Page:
To get you jumpstarted, here are the sources:

              https://github.com/freebsd/freebsd/tree/master/crypto/openssh

              Thanks for your time, we all really appreciate it!

              1. phuzz Silver badge

                Re: PuTTY's days are numbered

                As far as I can tell, examples are not used in man pages for commands anywhere in linux (which is odd because they're recommended in the style guide for man). Many commands don't even include a simple description in the DESCRIPTION part of their man file (for example, less, which proudly informs you that it is similar to more but has 'many more features'. Alas, nowhere does it mention that it's a program for displaying the contents of a file).

                So I suspect that even if I did show up with some new documentation containing lovely examples of how commands should, and can be used, they'd be thrown out as 'not being in the spirit'.

                Compare and contrast when practicality rather than ideology is the driver between writing documentation, eg.

      2. tin 2

        Re: PuTTY's days are numbered

        I've been using a MBP for (by far) my main machine for 3 years, and I still very sorely miss PuTTY.

        1. El Al

          Re: PuTTY's days are numbered

          If you miss it that badly, go out and buy Van Dyke's excellent SecureCRT. I've been using it (mostly on Windows) for nearly 20 years now and always much preferred it to PuTTY.

    5. alain williams Silver badge

      Re: PuTTY's days are numbered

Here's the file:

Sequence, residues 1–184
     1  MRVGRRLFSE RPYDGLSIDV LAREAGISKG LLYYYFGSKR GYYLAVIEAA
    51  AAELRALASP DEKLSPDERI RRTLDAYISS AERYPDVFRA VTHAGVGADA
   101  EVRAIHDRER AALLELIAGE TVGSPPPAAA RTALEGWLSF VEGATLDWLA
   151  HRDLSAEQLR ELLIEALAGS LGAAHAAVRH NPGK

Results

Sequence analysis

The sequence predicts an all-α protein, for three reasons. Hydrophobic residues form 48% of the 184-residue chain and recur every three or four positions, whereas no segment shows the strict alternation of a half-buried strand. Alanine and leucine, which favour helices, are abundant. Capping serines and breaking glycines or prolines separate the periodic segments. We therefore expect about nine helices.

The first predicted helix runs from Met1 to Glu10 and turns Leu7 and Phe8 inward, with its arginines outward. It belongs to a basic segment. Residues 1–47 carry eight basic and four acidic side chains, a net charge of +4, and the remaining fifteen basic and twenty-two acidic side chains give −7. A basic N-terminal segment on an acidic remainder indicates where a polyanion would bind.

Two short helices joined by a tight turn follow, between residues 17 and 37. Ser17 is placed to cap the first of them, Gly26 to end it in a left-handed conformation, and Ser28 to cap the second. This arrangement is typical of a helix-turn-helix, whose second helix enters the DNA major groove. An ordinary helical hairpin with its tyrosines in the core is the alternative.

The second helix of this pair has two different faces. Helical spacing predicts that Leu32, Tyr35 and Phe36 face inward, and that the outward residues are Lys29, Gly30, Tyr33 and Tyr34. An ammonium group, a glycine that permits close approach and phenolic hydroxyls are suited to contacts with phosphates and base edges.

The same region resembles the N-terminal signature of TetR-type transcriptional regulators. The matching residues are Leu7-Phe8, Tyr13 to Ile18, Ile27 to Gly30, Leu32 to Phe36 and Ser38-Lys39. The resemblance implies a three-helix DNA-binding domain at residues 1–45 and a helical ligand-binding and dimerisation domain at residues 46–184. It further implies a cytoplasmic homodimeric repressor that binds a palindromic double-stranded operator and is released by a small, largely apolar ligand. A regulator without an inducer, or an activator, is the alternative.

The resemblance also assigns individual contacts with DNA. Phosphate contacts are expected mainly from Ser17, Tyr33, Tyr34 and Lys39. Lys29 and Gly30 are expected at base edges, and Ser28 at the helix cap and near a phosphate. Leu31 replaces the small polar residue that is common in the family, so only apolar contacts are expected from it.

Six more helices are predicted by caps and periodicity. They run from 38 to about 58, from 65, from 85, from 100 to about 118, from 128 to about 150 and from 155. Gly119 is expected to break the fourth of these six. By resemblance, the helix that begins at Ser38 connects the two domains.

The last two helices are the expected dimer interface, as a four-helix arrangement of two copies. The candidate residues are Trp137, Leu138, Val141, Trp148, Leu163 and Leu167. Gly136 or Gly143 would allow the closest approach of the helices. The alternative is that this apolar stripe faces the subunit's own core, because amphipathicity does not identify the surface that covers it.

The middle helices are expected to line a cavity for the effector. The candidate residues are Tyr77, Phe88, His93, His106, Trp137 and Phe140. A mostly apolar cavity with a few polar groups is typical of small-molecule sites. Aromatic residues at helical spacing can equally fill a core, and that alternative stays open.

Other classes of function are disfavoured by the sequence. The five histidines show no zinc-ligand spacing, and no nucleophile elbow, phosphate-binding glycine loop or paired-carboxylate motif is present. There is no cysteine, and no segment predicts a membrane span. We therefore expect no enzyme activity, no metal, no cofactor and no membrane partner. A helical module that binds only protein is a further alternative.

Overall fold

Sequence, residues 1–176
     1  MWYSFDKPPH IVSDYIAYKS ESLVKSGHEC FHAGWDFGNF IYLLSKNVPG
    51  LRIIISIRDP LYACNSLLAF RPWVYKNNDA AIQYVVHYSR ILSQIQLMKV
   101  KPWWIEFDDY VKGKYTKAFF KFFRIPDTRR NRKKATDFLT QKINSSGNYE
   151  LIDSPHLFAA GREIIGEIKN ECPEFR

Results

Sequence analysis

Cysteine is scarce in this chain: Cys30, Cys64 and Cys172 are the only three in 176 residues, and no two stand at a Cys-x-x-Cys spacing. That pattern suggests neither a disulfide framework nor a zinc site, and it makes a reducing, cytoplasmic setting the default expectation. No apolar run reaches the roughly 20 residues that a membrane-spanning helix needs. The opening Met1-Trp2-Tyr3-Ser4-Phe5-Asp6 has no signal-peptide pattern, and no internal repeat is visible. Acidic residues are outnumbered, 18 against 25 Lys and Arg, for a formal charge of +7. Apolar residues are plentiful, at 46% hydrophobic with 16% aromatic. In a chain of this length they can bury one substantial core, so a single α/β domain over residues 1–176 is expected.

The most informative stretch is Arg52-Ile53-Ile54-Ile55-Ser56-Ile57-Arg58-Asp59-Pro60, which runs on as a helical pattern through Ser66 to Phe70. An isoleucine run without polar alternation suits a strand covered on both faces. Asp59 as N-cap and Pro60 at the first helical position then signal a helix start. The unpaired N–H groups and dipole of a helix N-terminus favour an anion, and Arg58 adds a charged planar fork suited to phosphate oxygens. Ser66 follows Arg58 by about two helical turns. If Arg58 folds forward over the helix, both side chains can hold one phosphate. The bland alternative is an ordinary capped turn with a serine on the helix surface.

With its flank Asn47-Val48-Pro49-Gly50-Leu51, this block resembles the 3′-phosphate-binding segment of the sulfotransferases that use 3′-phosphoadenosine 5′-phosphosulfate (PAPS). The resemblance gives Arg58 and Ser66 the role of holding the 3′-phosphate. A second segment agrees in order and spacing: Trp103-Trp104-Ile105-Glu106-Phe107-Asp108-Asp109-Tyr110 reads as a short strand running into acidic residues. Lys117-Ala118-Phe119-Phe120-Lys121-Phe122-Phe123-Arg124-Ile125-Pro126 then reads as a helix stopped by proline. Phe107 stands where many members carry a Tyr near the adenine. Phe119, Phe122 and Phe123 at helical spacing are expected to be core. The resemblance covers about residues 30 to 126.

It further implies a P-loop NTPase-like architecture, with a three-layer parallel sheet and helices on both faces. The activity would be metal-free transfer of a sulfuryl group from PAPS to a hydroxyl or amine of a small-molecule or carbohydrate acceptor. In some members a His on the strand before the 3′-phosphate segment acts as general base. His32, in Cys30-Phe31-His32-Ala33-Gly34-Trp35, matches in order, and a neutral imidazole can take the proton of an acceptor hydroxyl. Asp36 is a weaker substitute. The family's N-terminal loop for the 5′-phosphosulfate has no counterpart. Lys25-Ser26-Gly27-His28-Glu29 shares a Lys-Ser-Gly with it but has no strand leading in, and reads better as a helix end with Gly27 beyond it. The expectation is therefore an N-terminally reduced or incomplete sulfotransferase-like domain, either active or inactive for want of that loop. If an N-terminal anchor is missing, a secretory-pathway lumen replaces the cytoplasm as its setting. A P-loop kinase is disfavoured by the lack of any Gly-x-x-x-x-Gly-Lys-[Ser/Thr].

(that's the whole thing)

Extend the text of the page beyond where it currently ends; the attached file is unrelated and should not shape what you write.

I seem to recall PuTTY has had a mixed history when it comes to security (e.g IIRC there was a period where they had a trojanised copy hosted on the official website for quite some time before it got noticed).

      PuTTY on MS Windows has a much greater problem than a, now fixed, trojan copy of PuTTY.

      The whole operating system is a trojan, it has an in built key logger. You are supposed to be able to turn key logging off, but you can't completely switch off telemetry, what gets sent is encrypted (from the machine owner) -- so how do you verify that key stroke stealing is really disabled ?

      I will not use PuTTY on a Windows machine - I would just not feel safe.

      1. Roland6 Silver badge

        Re: PuTTY's days are numbered

        >The whole operating system is a trojan, ...

        so how do you verify that key stroke stealing is really disabled ?

        I will not use PuTTY on a Windows machine - I would just not feel safe.

        So you don't use Windows 10 at all for secure communications then, as the key/activity logging problem is an OS problem not a problem specific to PuTTY.

    6. Anonymous Coward
      Anonymous Coward

      Re: PuTTY's days are numbered

      "I seem to recall PuTTY has had a mixed history when it comes to security (e.g IIRC there was a period where they had a trojanised copy hosted on the official website for quite some time before it got noticed)."

      I think that might be two different things. There was a trojanised version of PuTTY reported in the wild but it hadn't come from the official site or the mirrors. And for a while some of the AV vendors were reporting PuTTY binaries as containing malware, but they were always shown to be false positives. I haven't heard of a case where the official site was distributing an actual trojanised version.